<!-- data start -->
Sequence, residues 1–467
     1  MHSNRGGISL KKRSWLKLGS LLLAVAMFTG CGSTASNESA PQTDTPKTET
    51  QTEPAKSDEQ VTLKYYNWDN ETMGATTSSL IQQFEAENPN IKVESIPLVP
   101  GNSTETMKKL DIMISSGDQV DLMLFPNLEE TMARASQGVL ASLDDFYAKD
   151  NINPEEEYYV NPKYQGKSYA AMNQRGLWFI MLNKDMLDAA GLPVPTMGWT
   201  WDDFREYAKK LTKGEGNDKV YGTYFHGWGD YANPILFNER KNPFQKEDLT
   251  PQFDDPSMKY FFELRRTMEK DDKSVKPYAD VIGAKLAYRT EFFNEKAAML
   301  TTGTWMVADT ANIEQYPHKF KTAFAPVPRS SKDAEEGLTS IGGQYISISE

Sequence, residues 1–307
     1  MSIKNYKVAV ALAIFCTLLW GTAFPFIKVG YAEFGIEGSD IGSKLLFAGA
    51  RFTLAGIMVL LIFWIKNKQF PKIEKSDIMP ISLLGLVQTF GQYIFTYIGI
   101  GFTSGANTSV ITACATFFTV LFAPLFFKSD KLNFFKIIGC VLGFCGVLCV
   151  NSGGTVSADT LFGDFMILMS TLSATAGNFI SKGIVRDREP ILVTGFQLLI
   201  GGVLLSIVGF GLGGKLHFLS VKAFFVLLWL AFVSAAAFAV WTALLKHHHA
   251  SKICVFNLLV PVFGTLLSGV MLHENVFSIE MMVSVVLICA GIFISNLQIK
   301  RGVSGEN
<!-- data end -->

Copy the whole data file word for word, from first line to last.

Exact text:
Sequence, residues 1–467
     1  MHSNRGGISL KKRSWLKLGS LLLAVAMFTG CGSTASNESA PQTDTPKTET
    51  QTEPAKSDEQ VTLKYYNWDN ETMGATTSSL IQQFEAENPN IKVESIPLVP
   101  GNSTETMKKL DIMISSGDQV DLMLFPNLEE TMARASQGVL ASLDDFYAKD
   151  NINPEEEYYV NPKYQGKSYA AMNQRGLWFI MLNKDMLDAA GLPVPTMGWT
   201  WDDFREYAKK LTKGEGNDKV YGTYFHGWGD YANPILFNER KNPFQKEDLT
   251  PQFDDPSMKY FFELRRTMEK DDKSVKPYAD VIGAKLAYRT EFFNEKAAML
   301  TTGTWMVADT ANIEQYPHKF KTAFAPVPRS SKDAEEGLTS IGGQYISISE

Sequence, residues 1–307
     1  MSIKNYKVAV ALAIFCTLLW GTAFPFIKVG YAEFGIEGSD IGSKLLFAGA
    51  RFTLAGIMVL LIFWIKNKQF PKIEKSDIMP ISLLGLVQTF GQYIFTYIGI
   101  GFTSGANTSV ITACATFFTV LFAPLFFKSD KLNFFKIIGC VLGFCGVLCV
   151  NSGGTVSADT LFGDFMILMS TLSATAGNFI SKGIVRDREP ILVTGFQLLI
   201  GGVLLSIVGF GLGGKLHFLS VKAFFVLLWL AFVSAAAFAV WTALLKHHHA
   251  SKICVFNLLV PVFGTLLSGV MLHENVFSIE MMVSVVLICA GIFISNLQIK
   301  RGVSGEN